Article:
So, our first two issues are dedicated to those topics of fear and failure, and how you build community, because I think those are the things that keep a creative career going long-term. In terms of age-range, anybody who is interested in starting an artistic career of any type, whether you’re a writer, a painter, a designer, I think there’s something in there for you.

And in particular, with Good Company, we’re trying to make sure that we speak to an age-range that’s much more diverse than you see online, because the Internet is really kind of obsessed with millennials and folks under 30. But I think there’s so much more life and business in people who have lived longer lives, so the magazine in particular is talking to people who have more life experience, who are over 50 and 60. I think bringing in that larger range of ages is really important, because to me that’s what’s missing from the Internet when it comes to talking about creative business. We tend to hear from people who are in their 20s and they have great startups and exciting ideas, but I want to hear from people who have been around a little bit longer because they’ve been through more hurdles.

Samir Husni: Has your journey with the launch of Good Company been a walk in a rose garden or have you encountered some stumbling blocks along the way?

Grace Bonney: (Laughs) It’s been a walk through a very thorny road. It’s been really hard; for sure the hardest thing I’ve ever done in my career. But that’s good in one way. It’s kind of fascinating to see how you can be a part of a community for so long and then discover this one aspect of it that you had no idea would be so challenging.

The magazine business in general is incredibly difficult to make profitable and so I think it’s important that people talk about that openly because you don’t want to charge this kind of money for a magazine, but you also need to pay the people involved. Having been someone who has worked with magazines since the beginning of my career so far, I know how often creative talent gets devalued. I wanted to wait to do this project until I could find someone to work with that would help us fund this, because I think it’s important to pay the people who create content fairly.

And since this magazine primarily focuses on people from marginalized communities, whether they’re people of color, career people, or women, I think it’s really important that those people are paid. So for me, this project has been great to have a partner like Artisan, because they let me support people financially and they’ve also given us this kind of freedom to talk about things that most magazines don’t talk about.

It’s been a real challenge. I think it would be easier if we focused on celebrities or people with really huge names because that’s kind of how you make a splash, but I wanted to work really hard to make sure this magazine championed regular people who don’t have millions of followers, like the support of a television show or a movie. It’s kind of a balance and how you can textualize people who might be better known versus people who maybe should be better known.

So, it’s a daily challenge, but I think 14 years of working online has prepared me for what it’s like to have frequent ups and downs at work. I can handle it.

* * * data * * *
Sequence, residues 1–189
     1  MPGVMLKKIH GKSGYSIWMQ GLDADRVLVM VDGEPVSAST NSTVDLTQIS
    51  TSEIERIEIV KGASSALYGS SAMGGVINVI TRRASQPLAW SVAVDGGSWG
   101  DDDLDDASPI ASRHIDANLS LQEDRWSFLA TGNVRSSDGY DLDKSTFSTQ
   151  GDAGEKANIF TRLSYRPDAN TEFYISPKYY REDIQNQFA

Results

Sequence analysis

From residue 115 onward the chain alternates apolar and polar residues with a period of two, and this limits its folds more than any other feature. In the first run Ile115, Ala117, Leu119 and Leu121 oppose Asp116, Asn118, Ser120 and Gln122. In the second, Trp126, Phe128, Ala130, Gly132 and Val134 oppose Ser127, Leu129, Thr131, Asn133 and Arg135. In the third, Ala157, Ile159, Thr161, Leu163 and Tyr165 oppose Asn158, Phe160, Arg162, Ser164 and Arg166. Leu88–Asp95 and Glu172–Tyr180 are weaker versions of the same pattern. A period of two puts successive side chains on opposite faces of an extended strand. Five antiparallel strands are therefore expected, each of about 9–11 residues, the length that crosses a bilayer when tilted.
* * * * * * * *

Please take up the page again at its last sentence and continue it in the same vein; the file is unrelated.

Samir Husni: With an $18 cover price per issue, some folks might tell you for that amount of money they could get an entire year’s subscription, if not two, of some of the magazines out there. What’s the theory behind the high cover price?

Grace Bonney: I think the cover price covers the depth of information. You can find a lot of books in the store that has fewer pages than our magazine that will have a higher price. And you’re definitely not going to find an independent magazine that pays people that’s charging less than that. Most indie magazines these days, whether it’s a fashion magazine or even just some of the other ones in the market like Cherry Bombe and Kinfolk and Monocle, and things like that, that’s a pretty common cover price.

That was something that I took into consideration, because I think that it’s always a balance between how do you respect the quality that’s inside this, and also still understand that people have to be able to afford what you’re putting out there. I think of Good Company as a part of a wide range of offerings that we have, from something free like Design Sponge, to something on the higher end like the books, which are like $30 plus. So, I think of this as kind of a mid-range option.

And to be honest, the magazine actually has more content than the book does, but a lower price-point. So, I always think of the magazine as a miniature book. It comes out twice a year and it’s something that I hope people will consider saving up for and investing in, and not consider it something that you would get that’s $3 as you check out at the grocery store and then you end up throwing it out after you’ve read it. This is something I hope the reader keeps and invests in and holds onto.

As independent magazines continue to have these communities that support them, I think the price tag is something that people will get a little bit more used to. It’s really not anything we’ve gotten any pushback on. I think that the amount of pages and the quality of the material is something that people understand. But I absolutely don’t expect everybody to go out and buy a million copies when I know it’s not a $4 magazine. But I feel really good about the content inside being worth way more than $18.

Samir Husni: I always say that the future’s business plan is about customers who count rather than counting customers.